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CNN Live Event/Special
The Inauguration of Joe Biden; President Biden Signs 17 Executive Actions in First Hours; New Press Secretary Vows to Bring 'Truth and Transparency Back to the Briefing Room'; 13-Year-Old Boy Who Bonded with Biden Appears in Inauguration Special; Former Presidents Wish Biden Well; Lady Gaga Sings National Anthem at Inauguration. Aired 12-1a ET
Aired January 21, 2021 - 00:00 ET
THIS IS A RUSH TRANSCRIPT. THIS COPY MAY NOT BE IN ITS FINAL FORM AND MAY BE UPDATED.
CHRIS CUOMO, CNN HOST: A new day dawning in America.
DON LEMON, CNN ANCHOR: Yes!
CUOMO: We have a new president, Joseph R. Biden, taking the oath of office, the 46th President of these United States on the steps of the U.S. Capitol. Amazing what a difference a week or two can make.
LEMON: What a day, what a day.
CUOMO: It was much needed. Forget about Left. Forget about Right. Just be reasonable for a moment and drink in where we are and what we need to get to a better place.
Welcome back to CNN's continuing live coverage of the inauguration of President Biden. Chris Cuomo, the one and only Don Lemon.
LEMON: Here we are once again.
Once again and people know it's going to be a good show. I love being with you. I love the conversations we have. So let's continue in that tradition right now, because, on a cold and windy January day in Washington, D.C., our new president and his inaugural address calling this a moment of history and hope, a day of renewal and resolve.
Saying democracy is precious and fragile but emphatically reminding Americans and people around the world who were watching that democracy has prevailed.
Do you believe that?
CUOMO: I believe it survived.
I got a little echo in my ear. CUOMO: Is it just me?
I'm very resonant. On these big occasions, my voice is very resonant. It wasn't my voice. Continue.
I would say democracy survived.
Is the president right to say it prevailed?
Because his job is primarily to capture the imagination of the American people.
CUOMO: To motive the American spirit. But we're in a bad way and I think that today was about relief and was a reminder of us being more than our worst.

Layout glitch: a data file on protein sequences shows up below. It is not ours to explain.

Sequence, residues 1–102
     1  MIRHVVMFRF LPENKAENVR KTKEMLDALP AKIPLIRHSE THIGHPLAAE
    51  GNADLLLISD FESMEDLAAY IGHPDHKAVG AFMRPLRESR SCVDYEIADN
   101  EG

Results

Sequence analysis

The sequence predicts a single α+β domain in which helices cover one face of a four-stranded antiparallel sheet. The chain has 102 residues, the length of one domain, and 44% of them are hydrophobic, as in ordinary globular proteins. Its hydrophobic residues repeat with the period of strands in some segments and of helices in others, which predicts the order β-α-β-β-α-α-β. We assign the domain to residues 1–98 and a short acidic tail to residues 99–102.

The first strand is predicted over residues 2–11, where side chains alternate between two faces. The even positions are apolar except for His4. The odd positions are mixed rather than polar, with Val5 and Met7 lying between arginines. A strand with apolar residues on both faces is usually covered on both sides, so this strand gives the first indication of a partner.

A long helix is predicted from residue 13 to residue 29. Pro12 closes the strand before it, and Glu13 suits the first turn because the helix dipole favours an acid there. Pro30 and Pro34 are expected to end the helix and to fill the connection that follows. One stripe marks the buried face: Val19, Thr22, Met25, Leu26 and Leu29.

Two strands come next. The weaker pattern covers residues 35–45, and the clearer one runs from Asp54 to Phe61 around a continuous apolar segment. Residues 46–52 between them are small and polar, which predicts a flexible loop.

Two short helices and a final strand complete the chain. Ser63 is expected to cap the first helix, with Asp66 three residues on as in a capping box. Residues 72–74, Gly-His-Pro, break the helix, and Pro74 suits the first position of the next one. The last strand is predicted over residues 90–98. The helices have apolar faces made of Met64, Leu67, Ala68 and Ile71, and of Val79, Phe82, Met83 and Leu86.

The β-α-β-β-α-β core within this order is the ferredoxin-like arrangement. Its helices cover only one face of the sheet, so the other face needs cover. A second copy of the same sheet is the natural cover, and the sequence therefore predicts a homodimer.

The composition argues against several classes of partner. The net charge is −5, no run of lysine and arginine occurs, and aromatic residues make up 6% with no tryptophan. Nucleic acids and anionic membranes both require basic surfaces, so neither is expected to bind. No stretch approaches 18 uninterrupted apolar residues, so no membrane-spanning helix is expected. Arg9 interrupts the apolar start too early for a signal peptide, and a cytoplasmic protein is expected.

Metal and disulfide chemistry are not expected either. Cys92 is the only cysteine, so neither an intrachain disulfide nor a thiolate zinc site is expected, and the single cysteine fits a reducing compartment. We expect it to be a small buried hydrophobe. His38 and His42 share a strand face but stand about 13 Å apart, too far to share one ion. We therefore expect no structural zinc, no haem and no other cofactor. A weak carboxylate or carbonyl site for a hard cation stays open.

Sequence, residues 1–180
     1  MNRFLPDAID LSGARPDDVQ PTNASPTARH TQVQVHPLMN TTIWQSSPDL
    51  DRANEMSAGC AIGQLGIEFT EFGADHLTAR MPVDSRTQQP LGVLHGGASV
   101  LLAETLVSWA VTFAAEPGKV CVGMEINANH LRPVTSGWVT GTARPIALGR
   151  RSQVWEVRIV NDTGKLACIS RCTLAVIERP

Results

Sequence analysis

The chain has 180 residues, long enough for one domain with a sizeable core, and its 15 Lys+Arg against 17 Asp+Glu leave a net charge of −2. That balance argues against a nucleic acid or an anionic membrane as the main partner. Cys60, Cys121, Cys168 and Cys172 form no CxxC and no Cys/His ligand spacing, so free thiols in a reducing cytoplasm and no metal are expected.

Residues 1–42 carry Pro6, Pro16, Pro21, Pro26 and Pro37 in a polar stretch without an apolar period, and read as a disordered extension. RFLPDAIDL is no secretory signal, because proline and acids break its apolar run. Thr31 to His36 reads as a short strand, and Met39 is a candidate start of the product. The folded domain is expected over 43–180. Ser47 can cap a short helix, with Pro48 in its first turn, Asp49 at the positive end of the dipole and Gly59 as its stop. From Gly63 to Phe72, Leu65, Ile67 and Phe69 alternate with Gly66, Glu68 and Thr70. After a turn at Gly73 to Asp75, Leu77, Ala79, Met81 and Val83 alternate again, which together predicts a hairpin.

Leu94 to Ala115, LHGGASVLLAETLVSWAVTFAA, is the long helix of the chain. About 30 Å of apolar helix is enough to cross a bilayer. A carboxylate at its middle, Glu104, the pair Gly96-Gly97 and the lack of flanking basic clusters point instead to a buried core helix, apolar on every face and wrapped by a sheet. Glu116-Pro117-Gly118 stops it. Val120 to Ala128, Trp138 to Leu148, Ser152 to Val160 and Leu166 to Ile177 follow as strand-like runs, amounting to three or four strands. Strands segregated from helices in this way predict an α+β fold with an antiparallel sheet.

Ordinarily, you and I have covered a number of these, never in these kinds of situations, but I usually tire at a certain point of the different pomp and circumstance and the fife and drum. At a certain point, I get it. Let's get through some of this.
Not today. Today I needed every piece.
LEMON: You did.
CUOMO: Every single piece.
LEMON: I was kind of the opposite of it. I needed some of it. I tuned in for the parts. I tuned in for the oath. I watched a lot of it.
But it was weird, Chris. It was enough comfort, shall I say, in the moment in what was going on that I actually took a nap in the middle of the day and had like a solid -- like I'm rested now.
Where I didn't think some doom is going to happen, some crazy tweet is going to -- someone's going to storm the Capitol. Anything that could happen just a day ago, you know, so to speak, that I felt a comfort and I knew that it was not going happen today.
So like any other day, this is the first inauguration that I actually haven't been in Washington covering it. But any other day when there is big news and I don't happen to be on the set, what I did is tune in and out at will.
CUOMO: I was just stuck.
LEMON: I did shed a tear. You did not.
CUOMO: Because I'm a hard guy. But I -- I can cry. Don't kid yourself. I may cry this night. We're on for like 17 hours.
PDTS. A little post Donald Trump syndrome also, that you are always a little bit on edge about what he is going to say, even in the coverage. People weren't having to constantly qualify what came out of his mouth.
CUOMO: And why he couldn't have meant it and why he shouldn't have said it. So there was relief in only that.
But I just think the country is so desperate, so hurt.
CUOMO: That we needed things to just remind us of our better selves. And, of course, it came in a transformative form today.
LEMON: Because today is about Joe Biden and Kamala Harris. And that's what gave me the comfort, that there were people who I knew were not going to be erratic, that there wasn't going to be something crazy.
Our conversation really isn't about Trump, right, even though he was the president until noon today. This is about the country moving forward and really the shift that was felt in an instant. This is -- I was talking to my fiance about -- he is like, this is amazing. All of the sudden, we've had change in an instant.
Even I said, do you remember Obama?
He said yes but it wasn't where we had this sort of rapid shift back to normalcy, which was an interesting way to put it.
CUOMO: Or we weren't in as big as a big hole. We were in a huge financial hole but it wasn't an existential crisis, the way we had now.
CUOMO: Let us listen to President Biden conveying this message of what the country needs, which, of course, is to come together.
(BEGIN VIDEO CLIP)
JOE BIDEN (D), PRESIDENT OF THE UNITED STATES: And so today, at this time, in this place, let's start afresh, all of us. Let's begin to listen to one another again, hear one another, see one another, show respect to one another.
Politics doesn't have to be a raging fire, destroying everything in its path.
[00:05:00] BIDEN: Every disagreement doesn't have to be a cause for total war and we must reject the culture in which facts themselves are manipulated and even manufactured.
(END VIDEO CLIP)
CUOMO: I had two things that hit me hard today.
LEMON: What was that?
CUOMO: One is, you know, all transparency, I know Joe Biden. I know President Biden. I've been with him in a lot of settings, been with him in personal settings. I knew his son, Beau. I had a deep appreciation for his son, Beau, may he rest in peace.
This is the right man for this moment and I'll tell you why. He is old, OK. He is not at the height of his powers. He would tell you no differently. I'm sure he can do more push-ups than I can but he wouldn't want to deal with the Joe Biden of 20 years ago.